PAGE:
George Clooney as Jack (aka “Edward”), weary paid assassin/hitman and gunsmith
Rome, April 2010
Film: The American
Release Date: September 1, 2010
Director: Anton Corbijn
Costume Designer: Suttirat Anne Larlarb
George Clooney is the titular hitman in The American, a 2010 film directed by Anton Corbijn based on Martin Booth’s novel A Very Private Gentleman. Though he’d played gun-wielding badasses before, The American was the first role placing Clooney in the now mythic film profession of paid assassin. (Syriana doesn’t count since that was more of a CIA gig…)
Humorously enough given the actor’s politics, Clooney’s character is also a knowledgeable gunsmith who is able to sneak around an old garage and find enough parts to modify a Ruger Mini-14 rifle (not an “M14” as the film calls it) for an assassination.
However, I’m getting ahead of myself. The film opens with Clooney holed up—not unexpectedly—with an attractive woman in Sweden. There is some gunplay, and I won’t give anything away, but he ends up heading for Italy, hopping on a train to Rome.
What’d He Wear?
Clooney steps off the train at Rome’s Termini Train Station looking very cool and comfortable, which is ideal for traveling, isn’t it? The look is mostly brown, with just enough gray peppered in to keep things from getting too monochromatic. Additional gray comes from Clooney’s hair, which has more dignified silver than we’re used to seeing.
Given that he’s coming from a chilly place like Sweden in April, Clooney’s character Jack (or Edward, if you will) wears several practical and easily removable layers for his journey. The top layer is a dark brown overcoat that extends down to his mid-thigh. At first, it looks like the coat is worn with a sport jacket underneath, but the extra set of lapels are actually from the coat’s gray lining. This is known as a “double coat”, and it means exactly what it sounds like.
The heavyweight coat has natural shoulders and notch lapels that roll down to a 2-button front. The front darts extend down each side to the flapped hip pockets. There is also a ticket pocket on the right side of the coat.
Underneath, Clooney wears a dark brown herringbone half-neck zipped cardigan sweater. Unlike “half-zip” or “quarter-zip” sweaters, like the rusty orange one worn by Matt Damon in The Bourne Identity, this zips all the way down and can be worn open like a jacket. The sweater cuffs are elasticized to fit snugly but comfortably around each wrist. He also wears this in plenty of later scenes, so I don’t want to ruin any fun by talking about it too m much now.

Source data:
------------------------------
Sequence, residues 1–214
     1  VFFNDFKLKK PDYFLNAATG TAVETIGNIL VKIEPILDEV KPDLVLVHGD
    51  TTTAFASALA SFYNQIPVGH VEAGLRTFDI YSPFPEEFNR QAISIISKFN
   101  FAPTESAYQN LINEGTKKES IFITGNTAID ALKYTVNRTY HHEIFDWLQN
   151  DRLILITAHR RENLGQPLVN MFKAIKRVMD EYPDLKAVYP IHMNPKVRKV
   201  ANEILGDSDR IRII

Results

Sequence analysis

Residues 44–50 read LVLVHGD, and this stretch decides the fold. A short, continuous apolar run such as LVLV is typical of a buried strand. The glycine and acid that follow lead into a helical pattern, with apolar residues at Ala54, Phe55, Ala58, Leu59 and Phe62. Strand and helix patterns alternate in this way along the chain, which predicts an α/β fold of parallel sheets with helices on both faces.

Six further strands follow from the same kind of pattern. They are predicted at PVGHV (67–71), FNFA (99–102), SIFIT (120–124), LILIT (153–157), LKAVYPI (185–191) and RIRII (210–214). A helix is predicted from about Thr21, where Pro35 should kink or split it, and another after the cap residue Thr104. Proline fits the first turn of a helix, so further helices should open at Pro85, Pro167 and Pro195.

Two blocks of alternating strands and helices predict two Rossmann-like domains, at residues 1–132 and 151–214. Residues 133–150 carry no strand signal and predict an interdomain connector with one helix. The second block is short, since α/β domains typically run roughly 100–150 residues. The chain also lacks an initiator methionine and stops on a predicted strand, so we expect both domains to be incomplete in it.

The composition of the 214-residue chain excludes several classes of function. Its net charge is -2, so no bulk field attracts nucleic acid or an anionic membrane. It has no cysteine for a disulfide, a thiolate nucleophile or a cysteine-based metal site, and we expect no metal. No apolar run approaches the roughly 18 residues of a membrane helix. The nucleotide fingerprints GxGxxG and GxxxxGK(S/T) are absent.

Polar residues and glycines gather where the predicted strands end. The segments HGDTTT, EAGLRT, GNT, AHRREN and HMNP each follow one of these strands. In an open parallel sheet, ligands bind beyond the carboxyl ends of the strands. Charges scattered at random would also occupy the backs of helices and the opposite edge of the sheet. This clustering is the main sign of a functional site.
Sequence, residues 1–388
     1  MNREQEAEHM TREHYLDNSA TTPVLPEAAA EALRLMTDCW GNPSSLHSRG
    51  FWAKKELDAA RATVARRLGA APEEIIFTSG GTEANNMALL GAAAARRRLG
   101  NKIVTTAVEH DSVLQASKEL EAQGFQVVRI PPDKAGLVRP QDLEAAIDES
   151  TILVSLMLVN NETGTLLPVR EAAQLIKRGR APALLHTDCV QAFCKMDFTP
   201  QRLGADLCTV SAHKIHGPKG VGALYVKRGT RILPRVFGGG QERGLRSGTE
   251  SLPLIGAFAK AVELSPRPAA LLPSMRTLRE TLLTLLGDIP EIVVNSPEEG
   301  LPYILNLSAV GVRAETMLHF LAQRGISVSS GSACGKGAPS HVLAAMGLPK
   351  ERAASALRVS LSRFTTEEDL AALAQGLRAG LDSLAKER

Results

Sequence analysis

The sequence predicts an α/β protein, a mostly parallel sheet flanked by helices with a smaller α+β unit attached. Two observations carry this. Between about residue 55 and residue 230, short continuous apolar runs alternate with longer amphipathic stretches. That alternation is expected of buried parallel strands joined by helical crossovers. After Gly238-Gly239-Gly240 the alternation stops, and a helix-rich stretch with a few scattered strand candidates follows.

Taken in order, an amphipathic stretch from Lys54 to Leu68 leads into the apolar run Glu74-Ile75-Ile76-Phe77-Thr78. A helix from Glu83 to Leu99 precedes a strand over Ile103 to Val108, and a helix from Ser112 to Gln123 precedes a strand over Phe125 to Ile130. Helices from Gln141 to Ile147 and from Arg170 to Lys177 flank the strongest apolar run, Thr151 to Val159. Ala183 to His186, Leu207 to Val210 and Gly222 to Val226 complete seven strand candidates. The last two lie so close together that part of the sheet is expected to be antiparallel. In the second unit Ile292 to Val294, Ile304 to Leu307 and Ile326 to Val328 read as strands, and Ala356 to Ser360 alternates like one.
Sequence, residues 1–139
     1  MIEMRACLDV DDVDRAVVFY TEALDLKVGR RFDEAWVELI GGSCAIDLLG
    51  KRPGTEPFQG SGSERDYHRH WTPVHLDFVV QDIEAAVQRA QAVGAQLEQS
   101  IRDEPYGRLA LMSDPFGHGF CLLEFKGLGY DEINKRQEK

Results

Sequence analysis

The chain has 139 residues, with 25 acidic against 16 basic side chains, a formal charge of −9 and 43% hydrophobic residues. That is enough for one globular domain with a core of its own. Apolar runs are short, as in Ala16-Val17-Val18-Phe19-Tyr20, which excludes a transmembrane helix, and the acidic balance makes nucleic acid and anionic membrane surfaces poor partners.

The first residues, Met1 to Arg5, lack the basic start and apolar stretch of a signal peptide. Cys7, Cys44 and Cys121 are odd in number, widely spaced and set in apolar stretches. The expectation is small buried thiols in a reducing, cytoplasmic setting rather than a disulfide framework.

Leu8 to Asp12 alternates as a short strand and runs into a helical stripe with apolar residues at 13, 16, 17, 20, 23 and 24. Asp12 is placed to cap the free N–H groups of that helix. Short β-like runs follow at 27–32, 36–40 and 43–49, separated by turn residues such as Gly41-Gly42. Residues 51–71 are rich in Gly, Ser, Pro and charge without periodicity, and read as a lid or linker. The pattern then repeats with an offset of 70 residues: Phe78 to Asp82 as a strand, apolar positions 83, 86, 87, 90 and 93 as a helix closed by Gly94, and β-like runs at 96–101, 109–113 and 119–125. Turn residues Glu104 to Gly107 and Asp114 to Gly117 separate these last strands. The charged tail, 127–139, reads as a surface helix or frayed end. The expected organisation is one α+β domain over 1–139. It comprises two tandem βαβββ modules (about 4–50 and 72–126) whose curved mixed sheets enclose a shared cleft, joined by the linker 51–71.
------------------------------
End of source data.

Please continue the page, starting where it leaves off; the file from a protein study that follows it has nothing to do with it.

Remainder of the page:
Underneath the sweater, Jack/Edward/George Clooney wears a short-sleeve heathered gray t-shirt. Since Zegna provided a lot of the wardrobe, it probably costs about $250, so just go find yourself a nice one at Nordstrom for $7, and you’ll be fine.
The trousers are only seen in long shots, but they’re definitely dark brown with flat fronts and plain-hemmed bottoms. If later scenes are any indication, they’re likely worn with a brown belt. Based on the rest of this outfit, I don’t think that’s too much of a gamble to say.
Jack also wears a pair of well-traveled brown leather hiking boots. They have four eyelets for the laces and two additional hooks, which Jack seems to ignore in some scenes, tying the boots lower on his feet.
Jack’s watch is a classic Omega Speedmaster Professional. It has a stainless round case worn on a black crocodile strap. The black face has three sub-dials at 3:00, 6:00, and 9:00. We get a view of it while Clooney is driving from Rome to Castel del Monte, but it is best seen later while he is gunsmithing and test-shooting. Clooney is a fan of Omegas in real life, having recently worn a De Ville Hour Vision to the premiere of Gravity.
Another brand often associated with Clooney is Persol, and he doesn’t let them down here either. For his arrival in Rome and drive to Castel del Monte, he wears a pair of Persol PO2883-S sunglasses with tortoiseshell “Havana” frames and chrystal gray green lenses, color code 24/31 if you’re interested. Like I said earlier, Ermenegildo Zegna provided a ton of costumes for him in this, so he later switches from the Persols to a pair of Zegna’s SZ3174 sunglasses.
Go Big or Go Home
When traveling abroad, especially in Europe—and especially in Italy, the last thing you want to do is look like a tourist. (Well, second to last… the last thing you probably want to do is get thrown in prison.)
Clooney’s Jack manages to avoid a touristy look, even though he is clearly an outsider in the small Italian village. His dress is simple but fashionable—no bulky hoodies, no fishing hats, and no goddamn fanny packs. He quickly assimilates into the culture, drinking Montepulciano d’Abruzzo—a favorite red DOC of mine. It is also very regionally correct, since Jack is in Abruzzo and “when in
He also appropriately drinks a Caffè Americano, which is just hot water added to espresso. The Clooney-espresso caused me to chuckle after I remembered this commercial from one of my advertising classes in college where Clooney overhears two women discussing the intense, rich coffee they are drinking and mistakes the subject of their conversation to be him. Anyone else remember these ads?
How to Get the Look
Clooney makes the most of layering with a functional brown and gray motif. I bet you could do the same if you tried hard enough.
- Dark brown thigh-length single-breasted “double coat” with gray lining, notch lapels, 2-button front, flapped hip pockets, and ticket pocket
- Dark brown zip-up cardigan sweater with elasticized cuffs
- Heathered gray short-sleeve t-shirt
- Dark brown casual flat front trousers with plain-hemmed bottoms
- Dark brown laced hiking boots
- Persol PO2883-S sunglasses with “Havana” tortoiseshell frames and chrystal gray green lenses (color code 24/31)
- Omega Speedmaster Professional wristwatch on a black crocodile strap
Do Yourself a Favor and…
Check out the movie.